Tell us about the logistics of finding full-time work in ballet. Is the best bet to find corps work?
Generally dancers try to secure their first professional job or apprenticeship directly after high school, and for some, even before.
A young dancer can find their first contract in a few different ways: by attending a school associated with a company, by attending large auditions where cuts are made in rounds, or by sending resumes to companies asking to travel to their location for an audition. Once a dancer has a contract, it’s only for one year.
As a result dancers are constantly working to receive a new contract for the following season. If, in fact, another contract is not issued for the following year or a dancer would like to move to a different company, then the audition process starts all over again. Every January-March, Miami City Ballet welcomes many dancers who join us for class looking for a contract with the company.
What’s your biggest, brightest professional goal?
Other than advancing my ballet career, my professional goal at this point is to continue to grow my blog. I think the Internet offers a unique venue to discuss different elements of the ballet.
People are fascinated by our art form and I think ballet blogs are a way to get people involved, get them interested, get them to attend a performance, and give them a deeper understanding of what they are seeing. There’s so much more involved behind the scenes than what a new audience member may think. Being able to educate curious audience members is just wonderful. It’s developed into something that could be a second career for me.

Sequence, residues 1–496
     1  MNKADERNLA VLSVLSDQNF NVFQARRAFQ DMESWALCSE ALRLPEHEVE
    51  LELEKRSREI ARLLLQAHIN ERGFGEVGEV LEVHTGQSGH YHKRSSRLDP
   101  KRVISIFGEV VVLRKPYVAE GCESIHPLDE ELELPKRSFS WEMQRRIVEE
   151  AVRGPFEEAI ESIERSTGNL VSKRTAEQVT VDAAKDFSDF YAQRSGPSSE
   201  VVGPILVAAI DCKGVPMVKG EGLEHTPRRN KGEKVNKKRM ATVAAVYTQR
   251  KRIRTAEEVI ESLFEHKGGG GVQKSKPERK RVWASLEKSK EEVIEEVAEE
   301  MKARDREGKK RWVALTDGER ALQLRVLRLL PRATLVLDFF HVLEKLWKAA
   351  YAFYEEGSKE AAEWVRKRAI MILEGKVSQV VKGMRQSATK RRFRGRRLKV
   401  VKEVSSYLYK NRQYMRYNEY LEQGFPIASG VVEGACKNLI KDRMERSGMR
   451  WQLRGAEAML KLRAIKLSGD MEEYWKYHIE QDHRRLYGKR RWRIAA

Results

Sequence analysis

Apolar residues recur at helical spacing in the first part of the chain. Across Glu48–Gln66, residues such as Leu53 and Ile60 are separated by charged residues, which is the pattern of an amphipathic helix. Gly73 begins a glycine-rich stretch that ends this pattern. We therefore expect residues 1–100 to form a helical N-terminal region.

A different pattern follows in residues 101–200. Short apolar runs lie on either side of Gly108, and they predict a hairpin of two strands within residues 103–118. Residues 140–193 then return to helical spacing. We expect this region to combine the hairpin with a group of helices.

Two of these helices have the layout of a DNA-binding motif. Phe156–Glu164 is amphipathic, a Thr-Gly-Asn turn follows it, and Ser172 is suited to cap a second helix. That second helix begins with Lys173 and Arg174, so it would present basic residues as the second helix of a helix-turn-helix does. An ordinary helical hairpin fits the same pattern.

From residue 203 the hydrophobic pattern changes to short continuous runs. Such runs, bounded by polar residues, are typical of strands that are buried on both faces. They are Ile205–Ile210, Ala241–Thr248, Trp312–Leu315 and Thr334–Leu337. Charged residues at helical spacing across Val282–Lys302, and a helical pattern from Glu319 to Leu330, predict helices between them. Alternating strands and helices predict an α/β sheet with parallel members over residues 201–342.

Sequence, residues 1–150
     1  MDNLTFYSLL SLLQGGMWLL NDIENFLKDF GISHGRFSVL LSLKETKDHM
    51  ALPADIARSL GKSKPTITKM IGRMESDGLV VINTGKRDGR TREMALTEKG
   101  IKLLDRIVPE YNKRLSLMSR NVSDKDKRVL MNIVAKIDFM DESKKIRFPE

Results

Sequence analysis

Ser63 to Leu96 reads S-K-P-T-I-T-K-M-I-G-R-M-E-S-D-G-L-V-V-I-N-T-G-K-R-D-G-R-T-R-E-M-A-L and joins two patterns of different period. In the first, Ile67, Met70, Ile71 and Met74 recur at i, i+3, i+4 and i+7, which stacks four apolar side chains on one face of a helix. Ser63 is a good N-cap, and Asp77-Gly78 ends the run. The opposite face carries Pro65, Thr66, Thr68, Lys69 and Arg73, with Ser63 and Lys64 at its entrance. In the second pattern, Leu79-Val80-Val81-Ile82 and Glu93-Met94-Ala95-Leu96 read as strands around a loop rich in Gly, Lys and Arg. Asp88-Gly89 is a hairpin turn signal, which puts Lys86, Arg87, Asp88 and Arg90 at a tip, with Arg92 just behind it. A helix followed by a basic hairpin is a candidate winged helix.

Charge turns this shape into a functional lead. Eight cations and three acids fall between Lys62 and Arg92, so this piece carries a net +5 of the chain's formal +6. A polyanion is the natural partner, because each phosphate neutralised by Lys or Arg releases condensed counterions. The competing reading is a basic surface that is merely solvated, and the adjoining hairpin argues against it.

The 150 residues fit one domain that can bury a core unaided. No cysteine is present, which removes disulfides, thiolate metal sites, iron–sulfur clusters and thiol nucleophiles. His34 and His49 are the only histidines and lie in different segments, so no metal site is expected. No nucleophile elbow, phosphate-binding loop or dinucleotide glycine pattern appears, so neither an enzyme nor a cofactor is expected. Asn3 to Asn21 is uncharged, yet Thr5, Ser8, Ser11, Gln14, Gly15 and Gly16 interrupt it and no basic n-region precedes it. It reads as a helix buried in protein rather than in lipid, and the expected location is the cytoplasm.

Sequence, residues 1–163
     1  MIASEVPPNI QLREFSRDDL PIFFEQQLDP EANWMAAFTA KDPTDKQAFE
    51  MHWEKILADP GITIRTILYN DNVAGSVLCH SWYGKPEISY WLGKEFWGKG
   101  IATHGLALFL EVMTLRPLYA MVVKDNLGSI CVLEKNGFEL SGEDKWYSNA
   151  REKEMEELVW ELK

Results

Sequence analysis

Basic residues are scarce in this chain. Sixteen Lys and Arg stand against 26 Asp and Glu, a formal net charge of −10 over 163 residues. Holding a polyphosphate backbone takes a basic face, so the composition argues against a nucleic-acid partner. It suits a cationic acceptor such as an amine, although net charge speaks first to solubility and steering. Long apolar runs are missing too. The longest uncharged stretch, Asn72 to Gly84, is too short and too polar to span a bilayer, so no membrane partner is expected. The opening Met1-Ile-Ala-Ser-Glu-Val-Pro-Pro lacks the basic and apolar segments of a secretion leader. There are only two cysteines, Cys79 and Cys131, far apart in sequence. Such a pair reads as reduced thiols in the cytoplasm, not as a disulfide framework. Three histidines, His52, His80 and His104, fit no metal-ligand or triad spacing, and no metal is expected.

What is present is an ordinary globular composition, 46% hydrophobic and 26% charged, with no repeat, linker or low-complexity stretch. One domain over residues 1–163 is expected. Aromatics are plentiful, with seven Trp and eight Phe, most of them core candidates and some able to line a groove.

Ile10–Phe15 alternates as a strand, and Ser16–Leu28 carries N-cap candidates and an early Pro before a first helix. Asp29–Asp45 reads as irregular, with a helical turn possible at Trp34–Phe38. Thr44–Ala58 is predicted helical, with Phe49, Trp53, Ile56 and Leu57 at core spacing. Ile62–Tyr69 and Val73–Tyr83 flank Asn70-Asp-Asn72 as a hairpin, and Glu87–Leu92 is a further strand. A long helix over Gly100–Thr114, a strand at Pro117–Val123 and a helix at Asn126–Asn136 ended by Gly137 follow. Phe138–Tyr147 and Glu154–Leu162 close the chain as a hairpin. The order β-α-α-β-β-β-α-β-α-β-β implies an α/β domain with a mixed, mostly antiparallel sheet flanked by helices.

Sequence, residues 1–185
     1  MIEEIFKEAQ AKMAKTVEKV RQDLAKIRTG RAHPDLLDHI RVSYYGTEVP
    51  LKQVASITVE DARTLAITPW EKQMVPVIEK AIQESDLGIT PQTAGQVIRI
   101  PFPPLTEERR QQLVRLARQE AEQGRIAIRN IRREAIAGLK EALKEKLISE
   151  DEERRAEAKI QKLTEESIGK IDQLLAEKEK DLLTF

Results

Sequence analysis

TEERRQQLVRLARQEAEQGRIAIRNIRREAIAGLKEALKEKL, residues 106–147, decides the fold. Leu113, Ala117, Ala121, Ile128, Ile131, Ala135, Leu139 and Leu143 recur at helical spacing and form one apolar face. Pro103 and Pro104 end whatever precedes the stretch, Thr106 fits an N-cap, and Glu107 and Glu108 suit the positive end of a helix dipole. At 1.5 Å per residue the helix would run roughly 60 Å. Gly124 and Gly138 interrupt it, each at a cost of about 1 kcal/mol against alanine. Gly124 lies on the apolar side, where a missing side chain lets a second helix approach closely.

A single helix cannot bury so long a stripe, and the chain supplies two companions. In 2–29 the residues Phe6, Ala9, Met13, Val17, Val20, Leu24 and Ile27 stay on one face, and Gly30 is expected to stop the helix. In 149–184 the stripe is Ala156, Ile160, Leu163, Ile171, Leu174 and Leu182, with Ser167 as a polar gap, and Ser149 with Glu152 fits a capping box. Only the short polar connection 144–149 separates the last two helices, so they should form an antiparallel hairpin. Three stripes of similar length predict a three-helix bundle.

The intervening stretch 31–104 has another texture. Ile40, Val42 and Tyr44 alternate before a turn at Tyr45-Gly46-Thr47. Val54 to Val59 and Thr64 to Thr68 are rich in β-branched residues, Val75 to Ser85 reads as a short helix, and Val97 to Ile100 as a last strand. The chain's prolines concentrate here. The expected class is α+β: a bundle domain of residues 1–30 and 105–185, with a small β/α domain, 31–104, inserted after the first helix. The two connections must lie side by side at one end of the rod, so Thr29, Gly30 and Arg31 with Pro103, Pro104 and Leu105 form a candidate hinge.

Through promoting my blog, I have become increasingly interested in promoting businesses through social media. It is remarkable how useful these platforms are when used effectively. I have begun dabbling in social media management for a number of businesses through my burgeoning business, Rebecca King Social Media Management. This is another possible career path that I hope to pursue in the future.
Tell us about your average day at work.
On rehearsal days, we begin with class at 10 am, which is our everyday conditioning routine. After an hour and a half class we rehearse for 6 hours. Our ballet mistress puts together a schedule for each day in the studios where she makes sure that each ballet gets the amount of time it needs before we take it to the stage. When we are in the theater, our days are quite different.
As always, we begin with an hour and a half class, followed by a short break before a three-hour dress rehearsal where we go through the entire performance with lights and costumes. Then we have a dinner break before our show in the evening.